Techniques for debugging your programs
This page is devoted to describing techniques that reduce the pain of tracking down and fixing bugs.
The Cardinal RuleThe most important rule of debugging is that one must understand a bug before trying to fix it. Simply changing the code until the problem disappears does not guarantee that something else wasn't broken in the process.
A bug that I fixed while overhauling Code Medic to produce version 2.0 provides a good example of the benefits of understanding the problem instead of merely fixing the symptoms. The Variables window was crashing while updating itself after the value of a variable was changed via gdb's "set variable" command. The stack trace (using Code Medic to debug itself!) showed that an object was being referenced after it had been deleted. Since the object was responsible for deleting itself, I initially thought of simply adding a direct notification of this occurence so the pointer to the object would be cleared. However, the code clearly indicated that this should already be happening in an indirect way. A more careful analysis showed that there was a more fundamental problem. Understanding this problem also exposed a way to dramatically speed up the code by eliminating unnecessary queries to gdb. I would never have noticed this if I had merely implemented my original idea.
Automatic debuggingThe best way to manage bugs is never to introduce them in the first place. This requires discipline and attention to detail. Every possibility, no matter how remote, must be accounted for in the design and dealt with in the code. If a function returns an error value, then the caller must remember to check it and take appropriate action. Hiding error values the way the standard C library does (e.g. returning -1 if there is an error and 0-255 when successful) is a bad idea because it makes it much harder for the caller to remember to handle the errors.
Unfortunately, we humans are prone to make mistakes regardless of how hard we try to avoid them. It is therefore a very good idea to use a copious number of assert() statements so that the computer can catch the problem right when it happens. This is far easier than digging through a core dump or analyzing page after page of printed output. (Remember to never do actual work in the argument to assert(), however, because NDEBUG erases the entire statement!) The use of assert() during initial program development is especially critical to the maintenance phase because it allows a programmer who is not intimately familiar with every line of code to make changes, confident in the knowledge that the program will complain if anything goes wrong, rather than silently failing. This eliminates the single largest source of difficulty in tracking down bugs, the Cause/Effect Chasm, 3 where the root cause and the actual failure occur in completely different parts of the program.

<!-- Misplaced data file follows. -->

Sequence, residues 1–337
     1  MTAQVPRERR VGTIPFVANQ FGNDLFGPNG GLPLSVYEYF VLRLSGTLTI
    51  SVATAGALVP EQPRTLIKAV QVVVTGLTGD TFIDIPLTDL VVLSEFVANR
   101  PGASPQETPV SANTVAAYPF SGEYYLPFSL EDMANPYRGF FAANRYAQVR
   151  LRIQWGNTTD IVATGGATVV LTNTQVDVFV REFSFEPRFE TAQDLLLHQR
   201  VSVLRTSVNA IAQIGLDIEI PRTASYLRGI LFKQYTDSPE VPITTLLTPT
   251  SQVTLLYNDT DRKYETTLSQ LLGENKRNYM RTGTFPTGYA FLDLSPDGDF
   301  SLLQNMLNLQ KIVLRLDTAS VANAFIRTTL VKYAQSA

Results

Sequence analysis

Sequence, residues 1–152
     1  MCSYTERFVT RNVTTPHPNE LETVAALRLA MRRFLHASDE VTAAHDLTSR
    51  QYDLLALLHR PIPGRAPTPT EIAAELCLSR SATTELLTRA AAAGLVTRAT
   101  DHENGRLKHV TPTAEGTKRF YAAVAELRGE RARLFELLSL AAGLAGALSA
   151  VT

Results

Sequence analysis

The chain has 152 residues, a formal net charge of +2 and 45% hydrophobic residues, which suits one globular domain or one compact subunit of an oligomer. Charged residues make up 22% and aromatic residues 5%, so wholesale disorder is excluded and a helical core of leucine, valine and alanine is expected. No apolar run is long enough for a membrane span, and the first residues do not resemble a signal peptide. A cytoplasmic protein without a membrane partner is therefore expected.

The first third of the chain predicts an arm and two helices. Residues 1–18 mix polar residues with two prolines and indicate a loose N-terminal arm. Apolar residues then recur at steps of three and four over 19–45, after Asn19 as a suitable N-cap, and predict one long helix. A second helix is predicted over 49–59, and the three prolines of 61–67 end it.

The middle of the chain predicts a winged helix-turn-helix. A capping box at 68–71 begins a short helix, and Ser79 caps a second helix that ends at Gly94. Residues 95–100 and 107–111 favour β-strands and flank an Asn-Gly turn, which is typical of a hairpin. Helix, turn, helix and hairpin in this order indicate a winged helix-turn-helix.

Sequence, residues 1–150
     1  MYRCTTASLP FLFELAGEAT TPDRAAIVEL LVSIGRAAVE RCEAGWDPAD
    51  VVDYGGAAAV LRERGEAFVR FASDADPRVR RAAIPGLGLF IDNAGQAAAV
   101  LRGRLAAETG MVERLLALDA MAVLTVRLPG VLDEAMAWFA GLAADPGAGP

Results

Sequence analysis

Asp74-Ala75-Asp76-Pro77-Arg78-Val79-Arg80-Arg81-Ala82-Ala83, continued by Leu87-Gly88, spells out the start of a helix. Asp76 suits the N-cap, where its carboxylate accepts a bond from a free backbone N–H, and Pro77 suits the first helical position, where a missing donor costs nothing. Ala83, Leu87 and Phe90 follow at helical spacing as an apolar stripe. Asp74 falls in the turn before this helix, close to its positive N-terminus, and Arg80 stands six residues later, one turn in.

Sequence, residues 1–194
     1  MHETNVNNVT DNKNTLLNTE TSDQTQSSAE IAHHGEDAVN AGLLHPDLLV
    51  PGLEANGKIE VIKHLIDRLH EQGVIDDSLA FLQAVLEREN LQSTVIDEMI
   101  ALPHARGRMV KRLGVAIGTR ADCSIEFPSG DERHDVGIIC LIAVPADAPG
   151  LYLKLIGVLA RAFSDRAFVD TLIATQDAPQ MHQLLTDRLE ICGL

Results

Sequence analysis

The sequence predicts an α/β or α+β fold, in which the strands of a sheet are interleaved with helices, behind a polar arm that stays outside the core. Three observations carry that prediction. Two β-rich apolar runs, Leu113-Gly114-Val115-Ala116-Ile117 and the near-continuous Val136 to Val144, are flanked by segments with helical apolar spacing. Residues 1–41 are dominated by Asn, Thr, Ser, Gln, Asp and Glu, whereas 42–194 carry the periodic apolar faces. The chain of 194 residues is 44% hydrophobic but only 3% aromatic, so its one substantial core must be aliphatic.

- the values that are passed in
- its state at various points during execution
- the values that it returns
Eiffel has the cool feature that it understands assert() and can optimize out the redundant ones. But assert(), or its moral equivalent, is available in all languages. Use it!
Monkey wrench testingFeeding random inputs into your program is a good way to check that it won't crash when clueless users get their grubby hands on it. (wink, wink) Unfortunately, as explained in Monte Carlo Debugging: A Brief Tutorial, 1 random inputs are unlikely to test more than the first layer of your program's defenses, precisely because what is coming in is gibberish. What is really needed is a separate testing department staffed with programmers who can evolve a test suite that starts out generating random inputs and then slowly evolves to match the program's logic, thereby eventually testing every level.
C++ tricks"pure virtual method called" is the bane of C++ programmers because g++ does not dump core on this error. (But it should!) It turns out that setting a breakpoint at __pure_virtual will catch this error when the program is run inside a debugger.
glibc tricksThe version of malloc() provided by glibc 2.x helps you catch memory errors. If you set the environment variable MALLOC_CHECK_ to 2, you will get a core dump if the heap corruption is detected, e.g., if you try to free() invalid memory. Refer to the malloc man page for more details.
References Bell, Charles R. Monte Carlo Debugging: A Brief Tutorial. Communications of the ACM, February 1983, Vol. 26, No. 2, pp. 126-127.
 Weiser, Mark. Programmers Use Slices when Debugging. Communications of the ACM, July 1982, Vol. 25, No. 7, pp. 446-452.
 Eisenstadt, Marc. My Hairiest Bug War Stories. Communications of the ACM, April 1997, Vol. 40, No. 4, pp. 30-37.